Despite the Lord of the Rings being a book series that is over 60 years old, the popularity of the fantasy series has, if anything, only increased, especially after the hugely successful Peter Jackson movie series.
With the success of any film comes the countless fan theories that read into any and all details in the books and its extended universe. Without further ado, check out the 10 most bizarre fan theories about The Lord of the Rings and see if you agree with any of them:
Warning: some of these are a little crazy!
1. LotR was an allegory for World War II
Now, I know what you Tolkien fans will be thinking, and yes, he was always extremely adamant that his works were not an allegory for anything specific, but were open to the reader's interpretation. However, that hasn't stopped people from speculating en masse.
Because Tolkien fought in World War I, many have strongly believed that the series was somehow an allegory for the second World War, even Sir Ian McKellan believes there is almost no way such a traumatic event in Tolkien's life didn't change the way he wrote. Theorists believe that in the books Hitler is Sauron, the Nazis were Orcs and Saruman could have perhaps been Stalin, the ally who the Allies shouldn't have trusted.
It may not be true, but Tolkien has no problem with people interpreting his books as they liked - what he objected to was the notion that he did it on purpose.
2. There is more to Radagast than we know
Unlike Tom Bombadil who was left out of the movie version of the Lord of the Rings saga, Radagast the Brown actually had more screen time in The Hobbit than he did pages in the book. While some fans of the series were unhappy that Peter Jackson had tried to get so much out of such a minor character, others believed that it was fitting, having theorized that despite the small mentions of him, he held a much bigger part in the series.
Firstly, even though he is not mentioned much, Radagast is still a Maia, a powerful wizard in the same category as Saruman and Gandalf. He has strong powers, able to transform himself, blend in with the natural environment and talk to both animals and plant life. Radagast has the ability to use animals as spies over Middle-earth, and perhaps could have been the one who helped Gandalf summon the eagles who have saved the day on more than one occasion.
Adding even more to the Radagast theory is that in The Two Towers, Aragorn and company are near Fangorn when they see a wizard nearby. The theory that this is Saruman was discounted because the lurking wizard was wearing a hat, not a hood, and Gandalf later denies that it was him, so perhaps it was the hat wearing Radagast who was keeping an eye over the group?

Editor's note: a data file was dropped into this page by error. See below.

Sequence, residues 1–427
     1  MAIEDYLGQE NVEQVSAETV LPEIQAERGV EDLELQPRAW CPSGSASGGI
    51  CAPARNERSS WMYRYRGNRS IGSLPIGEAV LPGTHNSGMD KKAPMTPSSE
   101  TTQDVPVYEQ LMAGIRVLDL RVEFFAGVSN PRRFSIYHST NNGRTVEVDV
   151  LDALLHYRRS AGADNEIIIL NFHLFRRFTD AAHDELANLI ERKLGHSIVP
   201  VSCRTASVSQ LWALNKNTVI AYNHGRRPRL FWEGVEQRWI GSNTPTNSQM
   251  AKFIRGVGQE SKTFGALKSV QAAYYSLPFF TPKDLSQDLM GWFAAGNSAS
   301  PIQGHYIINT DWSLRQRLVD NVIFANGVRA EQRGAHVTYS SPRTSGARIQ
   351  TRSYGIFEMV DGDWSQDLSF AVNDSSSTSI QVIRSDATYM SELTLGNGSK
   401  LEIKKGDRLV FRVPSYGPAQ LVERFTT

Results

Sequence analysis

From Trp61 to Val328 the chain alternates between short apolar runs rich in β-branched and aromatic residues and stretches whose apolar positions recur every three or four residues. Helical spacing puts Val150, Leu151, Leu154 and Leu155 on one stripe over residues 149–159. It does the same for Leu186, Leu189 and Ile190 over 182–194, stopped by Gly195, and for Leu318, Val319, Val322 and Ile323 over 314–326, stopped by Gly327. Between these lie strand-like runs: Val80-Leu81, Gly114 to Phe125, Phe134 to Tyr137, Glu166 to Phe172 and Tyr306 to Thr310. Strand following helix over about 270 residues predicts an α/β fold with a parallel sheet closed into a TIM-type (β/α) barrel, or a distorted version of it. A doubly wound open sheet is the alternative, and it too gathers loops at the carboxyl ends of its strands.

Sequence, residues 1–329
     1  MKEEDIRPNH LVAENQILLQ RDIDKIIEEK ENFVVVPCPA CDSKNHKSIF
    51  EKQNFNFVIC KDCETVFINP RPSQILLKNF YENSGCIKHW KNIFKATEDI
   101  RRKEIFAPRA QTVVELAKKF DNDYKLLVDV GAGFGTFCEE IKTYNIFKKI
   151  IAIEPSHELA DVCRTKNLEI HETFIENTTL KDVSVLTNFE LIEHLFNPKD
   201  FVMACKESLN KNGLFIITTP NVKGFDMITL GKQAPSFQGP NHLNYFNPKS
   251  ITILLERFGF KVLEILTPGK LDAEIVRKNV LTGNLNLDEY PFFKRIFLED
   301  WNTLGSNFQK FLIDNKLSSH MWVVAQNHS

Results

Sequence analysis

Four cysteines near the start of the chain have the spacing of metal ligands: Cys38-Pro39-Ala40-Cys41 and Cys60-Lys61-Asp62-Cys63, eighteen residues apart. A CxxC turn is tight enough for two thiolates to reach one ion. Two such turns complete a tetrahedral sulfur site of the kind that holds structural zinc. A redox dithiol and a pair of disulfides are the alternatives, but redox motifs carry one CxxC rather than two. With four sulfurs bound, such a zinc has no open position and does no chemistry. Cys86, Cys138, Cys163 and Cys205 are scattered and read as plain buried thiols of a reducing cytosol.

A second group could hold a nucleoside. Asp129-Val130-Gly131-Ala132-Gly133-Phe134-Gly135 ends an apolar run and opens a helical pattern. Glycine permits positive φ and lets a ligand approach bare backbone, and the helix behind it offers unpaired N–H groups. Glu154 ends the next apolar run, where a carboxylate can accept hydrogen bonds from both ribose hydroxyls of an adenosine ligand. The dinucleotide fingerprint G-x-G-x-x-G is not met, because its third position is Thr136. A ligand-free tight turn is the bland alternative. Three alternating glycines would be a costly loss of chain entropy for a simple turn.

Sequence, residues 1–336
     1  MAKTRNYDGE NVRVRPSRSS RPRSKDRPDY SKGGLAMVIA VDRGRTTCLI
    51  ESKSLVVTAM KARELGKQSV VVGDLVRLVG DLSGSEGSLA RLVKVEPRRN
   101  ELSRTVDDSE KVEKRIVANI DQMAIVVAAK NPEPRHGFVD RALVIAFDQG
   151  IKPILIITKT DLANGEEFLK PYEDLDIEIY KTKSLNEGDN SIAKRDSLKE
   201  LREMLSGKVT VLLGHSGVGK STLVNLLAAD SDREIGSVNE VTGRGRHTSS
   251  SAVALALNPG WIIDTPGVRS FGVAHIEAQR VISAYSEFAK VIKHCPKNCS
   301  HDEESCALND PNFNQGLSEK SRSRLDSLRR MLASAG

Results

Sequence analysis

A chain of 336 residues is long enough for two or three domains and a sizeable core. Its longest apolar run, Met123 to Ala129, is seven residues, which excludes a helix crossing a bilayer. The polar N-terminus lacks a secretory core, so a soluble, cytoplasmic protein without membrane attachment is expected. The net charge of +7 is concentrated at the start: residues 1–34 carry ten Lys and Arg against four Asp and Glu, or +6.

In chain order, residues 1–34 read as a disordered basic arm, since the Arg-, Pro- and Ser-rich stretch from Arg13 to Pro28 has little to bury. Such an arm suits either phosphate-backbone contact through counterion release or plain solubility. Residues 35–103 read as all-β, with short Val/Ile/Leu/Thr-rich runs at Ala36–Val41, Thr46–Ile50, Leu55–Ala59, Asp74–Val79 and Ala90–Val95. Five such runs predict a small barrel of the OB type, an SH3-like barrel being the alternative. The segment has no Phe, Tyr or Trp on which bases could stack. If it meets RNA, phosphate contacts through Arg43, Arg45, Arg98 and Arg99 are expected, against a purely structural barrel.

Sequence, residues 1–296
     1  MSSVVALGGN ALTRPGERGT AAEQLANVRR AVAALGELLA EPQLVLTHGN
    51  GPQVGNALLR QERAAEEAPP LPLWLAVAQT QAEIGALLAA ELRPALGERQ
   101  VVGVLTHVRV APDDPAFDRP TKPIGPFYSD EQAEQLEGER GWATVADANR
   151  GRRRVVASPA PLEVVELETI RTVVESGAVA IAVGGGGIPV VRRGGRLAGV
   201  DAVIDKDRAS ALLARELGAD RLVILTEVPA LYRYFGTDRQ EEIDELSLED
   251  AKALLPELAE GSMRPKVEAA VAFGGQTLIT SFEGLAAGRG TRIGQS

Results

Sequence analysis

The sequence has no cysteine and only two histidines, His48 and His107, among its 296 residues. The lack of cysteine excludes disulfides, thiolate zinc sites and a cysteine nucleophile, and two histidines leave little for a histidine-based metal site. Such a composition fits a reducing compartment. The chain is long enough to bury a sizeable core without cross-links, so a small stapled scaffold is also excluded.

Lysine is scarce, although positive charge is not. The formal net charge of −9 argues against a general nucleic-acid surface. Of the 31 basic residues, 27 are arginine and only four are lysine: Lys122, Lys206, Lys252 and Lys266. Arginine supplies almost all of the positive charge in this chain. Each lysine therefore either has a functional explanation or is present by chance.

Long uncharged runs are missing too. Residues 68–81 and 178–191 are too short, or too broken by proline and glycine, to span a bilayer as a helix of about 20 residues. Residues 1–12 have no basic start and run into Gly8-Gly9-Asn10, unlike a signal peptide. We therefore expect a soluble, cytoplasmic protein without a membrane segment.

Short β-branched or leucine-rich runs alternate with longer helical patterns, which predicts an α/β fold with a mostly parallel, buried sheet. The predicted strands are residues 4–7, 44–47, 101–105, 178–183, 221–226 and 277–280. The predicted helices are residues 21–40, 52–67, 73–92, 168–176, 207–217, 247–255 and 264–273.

3. Two Harry Potter characters were originally in LotR
Originally there were five Maiar spirits who all entered the world of Middle-earth at the same time as wizards, of course we know three: Saruman, Gandalf and Radagast, but the remaining two were unnamed, clad in blue and went into the east and never heard from again. With no more information about where these two wizards ended up these two mystery wizards have been the focus of some very elaborate fan theories, but by far the weirdest is that they became Dumbledore and Grindelwald.
This theory, claims that the prison Nurmengard, used by Grindelwald in the Harry Potter novels, is a portmanteau of the names Nuremberg and Isengard. It also goes on to say that Dumbledore and Grindelwald dealt with the temptation to do whatever necessary to protect people "for the greater good," and it led them down a dark path against the wishes of the Iluvatar and the Valar. The theory goes on to say that after Dumbledore had defeated Grindelwald and prepared people for Voldemort, he was able to move on - hence why Dumbledore accepted his death and didn't make any return trips from the grave.
4. Merry was the true Witch-king killer
Everyone knows the scene at the end of The Return of the King when Merry and Eowyn are fighting the Witch-king of Angmar. First he is stabbed by Merry, and then Eowyn finishes him off after being told no man could kill him, and then revealing that she is a woman, thus capable of killing him.
However, some people theorize that although it was Eowyn who had the last thrust of the sword, it was actually Merry who delivered the kill shot, due to a different way of interpreting the line. The Witch-king says that no man could kill him, but rather than just take this to mean that someone of the opposite gender could kill him, the people behind this theory take it to mean that actually someone not of the human race needs to kill him, like a small Hobbit. The sword Merry was fighting with also lends credibility to the theory because it was made by the men of Westernesse and especially crafted for killing creatures like the Witch-king.
While this theory is interesting, the book does seem to make it clear that Eowyn's blow was the one that sealed the Witch-kings fate and not to mention that J.R.R.Tolkien was a very specific man, and if he meant that no human man (or woman) could have killed him, he probably would have specified.
5. The Ring represents original sin
This is another theory about Tolkien's true meaning with the book series, and one that Catholics particularly enjoy. J.R.R. Tolkien himself was a very devout Catholic and the church has taken to interpreting his books as a Catholic allegory. One popular theory is that the Ring represents original sin, and Frodo is a Christ-like figure. The theory also strongly believes that the Elves Lembas bread is a symbol of the Holy Eucharist. Sauron of course, is a Satan-like figure, and the Iluvatar is God.
Despite claims being made that Tolkien admitted it was created as a work of Catholic allegory, this is not true, though perhaps, like the World War II theory, it's a nice to believe.
Do you have your own Lord of the Rings theory? Tell us here!